Caplanne D, Tubach F, Le Parc JM. Late onset spondylarthropathy: clinical and biological comparison with early onset patients. Ann Rheum Dis 1997; 56: 176–9PubMedCrossRefGoogle Scholar
  13. 13.
    Olivieri I, Padula A, Pierro A, et al. Late onset seronegative spondylarthropathy. J Rheumatol 1995; 22: 899–903PubMedGoogle Scholar
  14. 14.
    Punzi L, Pianon M, Rossini P, et al. Clinical and laboratory manifestations of elderly onset psoriatic arthritis: a comparison with younger onset disease. Ann Rheum Dis 1999; 58: 226–9PubMedCrossRefGoogle Scholar
  15. 15.
    Gonzalez-Juanatey C, Vazquez-Rodriguez TR, Miranda-Filloy JA, et al. The high prevalence of subclinical atherosclerosis in patients with ankylosing spondylitis without clinically evident cardiovascular disease. Medicine 2009; 88: 358–65PubMedCrossRefGoogle Scholar
  16. 16.
    Peters MJ, Visman I, Nielsen MM, et al. Ankylosing spondylitis; a risk factor for myocardial infarction? Ann Rheum Dis 2010; 69: 579–81PubMedCrossRefGoogle Scholar
  17. 17.
    Gilworth G, Emery P, Barkham N, et al. Reducing work disability in ankylosing spondylitis: development of a work instability scale for AS [abstract]. BMC Musculoskelet Disord 2009; 10: 68PubMedCrossRefGoogle Scholar
  18. 18.
    Montacer Kchir M, Mehdi Ghannouchi M, Hamdi W, et al. Impact of the ankylosing spondylitis on the professional activity. Joint Bone Spine 2009; 76: 378–82PubMedCrossRefGoogle Scholar
  19. 19.
    Singh JA, Strand V. Spondylarthritis is associated with poor function and physical health related quality of life. J Rheumatol 2009; 36: 1012–20PubMedCrossRefGoogle Scholar
  20. 20.
    Kujath K, Hermann KG, Mathiske-Schmidt K, et al. Severe disease activity and complications of immunosuppressive therapy: a challenge for acute hospital based rehabilitation in rheumatology. J Rheumatol 2009; 36: 1618–25PubMedCrossRefGoogle Scholar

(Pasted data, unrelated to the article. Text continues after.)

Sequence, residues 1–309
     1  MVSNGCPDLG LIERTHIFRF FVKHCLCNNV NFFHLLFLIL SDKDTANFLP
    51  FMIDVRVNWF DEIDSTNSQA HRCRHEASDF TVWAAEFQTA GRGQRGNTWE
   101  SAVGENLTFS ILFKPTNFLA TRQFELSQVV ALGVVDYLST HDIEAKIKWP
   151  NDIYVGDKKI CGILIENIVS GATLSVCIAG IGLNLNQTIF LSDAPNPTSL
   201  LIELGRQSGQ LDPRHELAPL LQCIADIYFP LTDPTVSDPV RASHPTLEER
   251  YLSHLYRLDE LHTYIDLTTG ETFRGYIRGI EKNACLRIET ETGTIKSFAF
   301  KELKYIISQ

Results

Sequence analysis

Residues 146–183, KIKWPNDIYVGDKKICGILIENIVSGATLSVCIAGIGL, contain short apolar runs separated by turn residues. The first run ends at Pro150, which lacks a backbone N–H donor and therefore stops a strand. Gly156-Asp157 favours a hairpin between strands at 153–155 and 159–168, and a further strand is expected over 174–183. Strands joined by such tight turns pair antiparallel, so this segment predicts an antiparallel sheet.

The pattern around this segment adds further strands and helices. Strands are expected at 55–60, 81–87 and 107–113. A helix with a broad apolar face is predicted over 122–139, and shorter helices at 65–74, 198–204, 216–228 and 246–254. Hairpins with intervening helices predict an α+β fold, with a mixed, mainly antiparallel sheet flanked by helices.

21. 21.
    Healey EL, Haywood KL, Jordan KP, et al. Ankylosing spondylitis and its impact on sexual relationships. Rheumatology 2009; 48: 1378–81PubMedCrossRefGoogle Scholar
  22. 22.
    Martindale J, Smith J, Sutton CJ, et al. Disease and psychological status in ankylosing spondylitis. Rheumatology 2006; 45: 1288–93PubMedCrossRefGoogle Scholar
  23. 23.
    McCarty DJ, O’Duffy JD, Pearson L, et al. Remitting synovitis seronegative symmetric synovitis with pitting edema (RS3PE) syndrome. JAMA 1985; 254: 2763–7PubMedCrossRefGoogle Scholar
  24. 24.
    Olivieri I, Pipitone N, D’Angelo S, et al. Late onset rheumatoid arthritis and late onset spondylarthritis. Clin Exp Rheumatol 2009; 27Suppl. 55: S139–45PubMedGoogle Scholar
  25. 25.
    Olivieri I, D’Angelo S, Palazzi C, et al. Diffuse idiopathic skeletal hyperostosis: differentiation from ankylosing spondylitis. Curr Rheumatol Rep 2009; 11: 321–8PubMedCrossRefGoogle Scholar
  26. 26.
    Lukas C, Landewé R, Sieper J, et al., Assessment of SpondyloArthritis international Society. Development of an ASAS-endorsed disease activity score (ASDAS) in patients with ankylosing spondylitis. Ann Rheum Dis 2009; 68: 18–24PubMedCrossRefGoogle Scholar
  27. 27.
    Anderson JJ, Baron G, Van Der Heijde D, et al. Ankylosing spondylitis assessment group preliminary definition of short-term improvement in ankylosing spondylitis. Arthritis Rheum 2001; 44: 1876–86PubMedCrossRefGoogle Scholar
  28. 28.
    Inman RD, Davis JC, Van der Heijde D, et al. Efficacy and safety of golimumab in patients with ankylosing spondylitis: results of a randomized, double-blind, placebo-controlled, phase III trial. Arthritis Rheum 2008; 58: 3402–12PubMedCrossRefGoogle Scholar
  29. 29.
    Melmed GY, Targan SR, Yasothan U, et al. Certolizumab pegol. Nat Rev Drug Discov 2008 Aug; 7(8): 641–2PubMedCrossRefGoogle Scholar
  30. 30.
    Braun J, Brandt J, Listing J, et al. Treatment of active ankylosing spondylitis with infliximab: a randomized controlled multicentre trial. Lancet 2002; 359: 1187–93PubMedCrossRefGoogle Scholar
  31. 31.
    Davis JC, Van Der Heijde D, Braun J, et al. Recombinant human tumor necrosis factor receptor (etanercept) for treating ankylosing spondylitis: a randomized, controlled trial. Arthritis Rheum 2003; 48: 3230–6PubMedCrossRefGoogle Scholar
  32. 32.
    Van der Heijde D, Kivitz A, Schiff M, et al. Efficacy and safety of adalimumab in patients with ankylosing spondylitis: results of a multicenter, randomized, double-blind, placebo-controlled trial. Arthritis Rheum 2006; 54: 2136–46PubMedCrossRefGoogle Scholar
  33. 33.
    Van der Heijde D, Landewé R, Baraliakos X, et al. Radiographic findings following two years of infliximab therapy in patients with ankylosing spondylitis. Arthritis Rheum 2008; 58: 3063–70PubMedCrossRefGoogle Scholar
  34. 34.